All signs show that Greece is returning to growth, and the country plans to use the surplus to assist the most vulnerable part of the population; those Greeks mostly affected by the aftereffects of the ongoing crisis.

With a forecast of a two per cent growth, Greece is expected to achieve a primary surplus of 2.2 per cent of GDP, more than 1.75 per cent of its target.

This excludes debt servicing costs and it will allow for the government to use these funds to set up a “social dividend”.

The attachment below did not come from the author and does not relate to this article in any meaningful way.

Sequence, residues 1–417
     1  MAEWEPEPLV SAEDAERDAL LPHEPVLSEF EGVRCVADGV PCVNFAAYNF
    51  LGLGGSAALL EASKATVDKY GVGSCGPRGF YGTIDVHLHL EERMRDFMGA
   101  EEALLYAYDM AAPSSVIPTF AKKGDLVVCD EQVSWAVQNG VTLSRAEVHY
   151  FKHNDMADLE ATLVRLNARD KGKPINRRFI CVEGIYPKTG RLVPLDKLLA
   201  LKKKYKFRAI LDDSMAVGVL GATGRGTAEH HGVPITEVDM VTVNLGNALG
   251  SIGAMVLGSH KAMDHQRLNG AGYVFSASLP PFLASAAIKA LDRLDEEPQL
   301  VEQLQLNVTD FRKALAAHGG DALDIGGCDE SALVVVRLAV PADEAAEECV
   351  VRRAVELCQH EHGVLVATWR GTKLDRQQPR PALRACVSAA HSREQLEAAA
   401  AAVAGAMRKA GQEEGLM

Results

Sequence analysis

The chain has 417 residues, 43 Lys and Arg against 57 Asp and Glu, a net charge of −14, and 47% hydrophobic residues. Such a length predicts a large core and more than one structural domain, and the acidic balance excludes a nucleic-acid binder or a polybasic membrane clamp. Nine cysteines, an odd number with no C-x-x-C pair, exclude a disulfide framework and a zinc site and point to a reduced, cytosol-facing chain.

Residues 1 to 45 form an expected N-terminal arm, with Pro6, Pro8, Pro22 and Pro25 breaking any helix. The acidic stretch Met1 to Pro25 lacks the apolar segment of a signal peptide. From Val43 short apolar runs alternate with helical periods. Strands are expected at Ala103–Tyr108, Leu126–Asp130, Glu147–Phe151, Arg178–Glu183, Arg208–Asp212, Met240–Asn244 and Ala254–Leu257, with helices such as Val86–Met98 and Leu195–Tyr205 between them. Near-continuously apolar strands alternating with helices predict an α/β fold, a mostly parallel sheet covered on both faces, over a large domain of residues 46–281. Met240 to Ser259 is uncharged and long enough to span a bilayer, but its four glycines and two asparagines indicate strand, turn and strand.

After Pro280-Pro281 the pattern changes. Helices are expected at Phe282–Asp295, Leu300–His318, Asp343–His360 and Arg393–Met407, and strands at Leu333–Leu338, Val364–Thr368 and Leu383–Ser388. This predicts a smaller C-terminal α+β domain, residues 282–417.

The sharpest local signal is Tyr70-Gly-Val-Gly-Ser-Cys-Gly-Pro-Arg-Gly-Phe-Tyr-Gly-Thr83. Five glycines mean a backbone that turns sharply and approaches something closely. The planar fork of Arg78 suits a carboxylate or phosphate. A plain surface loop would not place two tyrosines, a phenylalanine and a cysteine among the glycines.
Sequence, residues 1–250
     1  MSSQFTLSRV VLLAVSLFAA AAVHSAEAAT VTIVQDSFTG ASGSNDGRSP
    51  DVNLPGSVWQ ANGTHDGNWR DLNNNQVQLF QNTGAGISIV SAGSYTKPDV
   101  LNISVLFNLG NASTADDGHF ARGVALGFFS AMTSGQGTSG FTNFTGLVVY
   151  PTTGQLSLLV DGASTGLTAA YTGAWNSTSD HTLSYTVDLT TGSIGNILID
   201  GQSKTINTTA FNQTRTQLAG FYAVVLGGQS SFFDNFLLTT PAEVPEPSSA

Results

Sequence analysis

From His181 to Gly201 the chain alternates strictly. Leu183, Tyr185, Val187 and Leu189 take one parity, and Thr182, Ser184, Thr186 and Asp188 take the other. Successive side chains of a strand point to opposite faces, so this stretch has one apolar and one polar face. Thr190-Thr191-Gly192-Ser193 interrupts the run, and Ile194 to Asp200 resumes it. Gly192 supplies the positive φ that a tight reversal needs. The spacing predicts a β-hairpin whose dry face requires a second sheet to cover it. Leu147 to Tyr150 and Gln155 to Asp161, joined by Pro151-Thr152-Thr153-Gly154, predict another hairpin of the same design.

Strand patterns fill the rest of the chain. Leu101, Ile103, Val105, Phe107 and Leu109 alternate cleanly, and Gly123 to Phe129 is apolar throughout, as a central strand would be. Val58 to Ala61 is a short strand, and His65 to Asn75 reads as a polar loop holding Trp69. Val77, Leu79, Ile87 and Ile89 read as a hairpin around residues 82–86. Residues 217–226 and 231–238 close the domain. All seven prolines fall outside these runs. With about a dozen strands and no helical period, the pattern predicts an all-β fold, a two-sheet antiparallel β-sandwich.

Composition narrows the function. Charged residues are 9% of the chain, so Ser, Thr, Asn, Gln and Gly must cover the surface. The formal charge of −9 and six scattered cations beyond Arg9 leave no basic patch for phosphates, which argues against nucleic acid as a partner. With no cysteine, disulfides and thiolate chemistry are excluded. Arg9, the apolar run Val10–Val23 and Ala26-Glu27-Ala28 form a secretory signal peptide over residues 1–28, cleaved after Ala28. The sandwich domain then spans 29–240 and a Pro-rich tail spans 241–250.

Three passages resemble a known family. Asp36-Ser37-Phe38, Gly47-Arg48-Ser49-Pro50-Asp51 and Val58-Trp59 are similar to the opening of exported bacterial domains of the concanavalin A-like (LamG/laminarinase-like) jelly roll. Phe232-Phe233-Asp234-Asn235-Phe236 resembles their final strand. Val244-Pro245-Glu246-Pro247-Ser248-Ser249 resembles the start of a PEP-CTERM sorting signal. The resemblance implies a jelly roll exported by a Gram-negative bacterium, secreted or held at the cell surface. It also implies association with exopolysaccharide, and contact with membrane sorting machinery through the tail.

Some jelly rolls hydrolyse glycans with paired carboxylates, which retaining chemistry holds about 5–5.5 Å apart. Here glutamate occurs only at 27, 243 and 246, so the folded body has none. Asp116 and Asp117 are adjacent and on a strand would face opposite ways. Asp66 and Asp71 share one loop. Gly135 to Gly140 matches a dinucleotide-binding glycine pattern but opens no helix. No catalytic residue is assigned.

According to government spokesperson Dimitris Tzanakopoulos, “the surplus out performance which will be distributed to social groups that have suffered the biggest pressure during the financial crisis, will be close to €1 billion”.

Further details, including the eligibility criteria for this fund, will come in late November after the government gets its full-year budget data.

Despite optimism, the government is believed to be going forward with extreme caution to avoid a rerun of last year’s events when Prime Minister Alexis Tsipras unexpectedly announced a one-off Christmas bonus to pensioners, causing furore amongst the country’s lenders.